|Amazon Price||New from||Used from|
Shirin himself was a thickset man with a reddish crew cut, always badly shaved and wearing large spectacles behind which, as in two aquariums, swam two tiny, transparent eyes--which were completely impervious to visual impressions. He was blind like Milton, deaf like Beethoven, and a blockhead to boot.Of course, only a fraction of The Gift is taken up with this sort of demolition derby. Fyodor's romance with Zina, for example, occasions the most ardent prose of Nabokov's career: "And not only was Zina cleverly and elegantly made to measure for him by a very painstaking fate, but both of them, forming a single shadow, were made to the measure of something not quite comprehensible, but wonderful and benevolent and continuously surrounding them." (Shades of Volodya and Véra? Only the deceased husband and wife, and perhaps Stacy Schiff, know for sure.)
At the same time, The Gift is a brilliant, mesmerizing riff on the history of Russian literature, with elaborate bouquets tossed to Pushkin and Gogol. There's also a hilarious yet somehow tender evisceration of the do-gooding polemicist Nikolai Chernyshevski--which was suppressed, in fact, when the novel was originally serialized by a Russian émigré magazine. As should be clear by now, The Gift defies any attempt at quick-and-dirty summary. But the book plays the most pleasurable kind of havoc with our stuffy notions of narrative structure and linguistic protocol. And as Nabokov repeatedly wraps the reader's consciousness around his little finger, he never holds back on that ultimate literary gift: pleasure. --James Marcus
I've enjoyed the pace of the text and found it to be a book worth savoring over an extended reading.
If you have any interest at all in Nabokov, Russian literature, Russian emigres or Berlin, you really should read this book.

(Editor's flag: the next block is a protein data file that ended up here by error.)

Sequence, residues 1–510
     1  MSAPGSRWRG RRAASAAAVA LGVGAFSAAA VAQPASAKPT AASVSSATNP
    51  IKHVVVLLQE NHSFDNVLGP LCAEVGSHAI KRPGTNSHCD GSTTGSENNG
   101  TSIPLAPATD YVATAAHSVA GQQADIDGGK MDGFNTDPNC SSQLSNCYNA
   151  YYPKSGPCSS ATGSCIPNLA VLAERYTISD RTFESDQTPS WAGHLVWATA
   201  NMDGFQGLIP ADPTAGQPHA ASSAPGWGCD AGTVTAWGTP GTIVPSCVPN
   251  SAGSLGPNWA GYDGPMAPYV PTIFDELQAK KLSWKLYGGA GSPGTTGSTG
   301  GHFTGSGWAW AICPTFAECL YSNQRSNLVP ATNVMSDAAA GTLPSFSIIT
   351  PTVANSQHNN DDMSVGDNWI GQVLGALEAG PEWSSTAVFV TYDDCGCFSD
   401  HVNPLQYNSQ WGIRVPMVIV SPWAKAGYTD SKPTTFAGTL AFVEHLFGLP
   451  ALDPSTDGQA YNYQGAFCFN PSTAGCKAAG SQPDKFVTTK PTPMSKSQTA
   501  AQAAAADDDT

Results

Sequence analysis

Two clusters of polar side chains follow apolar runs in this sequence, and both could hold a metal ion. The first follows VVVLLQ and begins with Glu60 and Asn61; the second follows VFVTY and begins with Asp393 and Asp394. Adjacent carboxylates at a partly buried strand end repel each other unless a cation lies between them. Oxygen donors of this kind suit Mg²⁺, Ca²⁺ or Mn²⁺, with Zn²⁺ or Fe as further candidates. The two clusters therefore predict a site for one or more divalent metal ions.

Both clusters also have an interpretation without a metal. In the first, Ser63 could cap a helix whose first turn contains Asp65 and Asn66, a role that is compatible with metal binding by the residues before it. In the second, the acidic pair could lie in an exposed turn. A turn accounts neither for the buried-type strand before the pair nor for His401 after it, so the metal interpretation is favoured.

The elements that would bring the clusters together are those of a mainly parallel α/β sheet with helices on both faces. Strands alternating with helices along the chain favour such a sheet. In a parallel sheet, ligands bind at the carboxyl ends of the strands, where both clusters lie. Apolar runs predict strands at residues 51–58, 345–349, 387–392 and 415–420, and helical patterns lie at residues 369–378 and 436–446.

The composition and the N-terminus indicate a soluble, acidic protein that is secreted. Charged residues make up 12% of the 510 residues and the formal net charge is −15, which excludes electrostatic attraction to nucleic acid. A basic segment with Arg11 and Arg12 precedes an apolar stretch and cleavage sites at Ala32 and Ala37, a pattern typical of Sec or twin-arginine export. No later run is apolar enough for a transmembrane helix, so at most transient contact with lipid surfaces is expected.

Nabokov is very funny(in case you didn't already know that) and no matter what his subject matter the humor comes through.
We all have to choose (or have it selected for us). Nabokov chose the latter, and The Gift is a celebration of that choice with a diatribe against the opposite camp thrown in. Read morePublished 3 days ago by dogstar
you KNOW, mon, dat Nab be mine fav scribbler next meself, mon. and maybe dat wonderful Naipaul (dat wonderful monster, mon). Read morePublished 18 days ago by chongo memongo
His last book in Russian and a worthy farewell. Nabokov's complex and difficult novel can be tough to stick to but is so original and unpredictable that one should persevere.Published 12 months ago by Charles C. Dyer
I tend to read fairly quickly, ladies and gentlemen, but "The Gift" took me way more time than even its 366 pages would seem to indicate. Read morePublished 20 months ago by Amazon Customer
I needed the novel in order to begin advising one of my graduate students who has embarked on a formalist study of Nabokov's masterful work. Read morePublished on November 25, 2011 by John Taylor
The GIFT is a brilliant non-chronological bildungsroman that shows Fyodor Godunov-Cherdyntsev, a Russian born to privilege and affluence in the final years of Nicholas II, becoming... Read morePublished on March 8, 2011 by Ethan Cooper
The Gift is one of Nabokov's last novels originally written in Russian. As such, you might suspect it's Nabokov at the height of his powers. Read morePublished on July 15, 2010 by Marco
Thus far I've read all but maybe 2 or 3 of Nabokov's novels. This is the first one that I've quit reading.
The first half is OK. There's actually a story. Read more
"Among the best prose stylists of our century..." goes the complement to Nabokov's fiction. You know what, he is still among the best prose stylists in this century, the 21st. Read morePublished on February 12, 2009 by Gabriel Melchor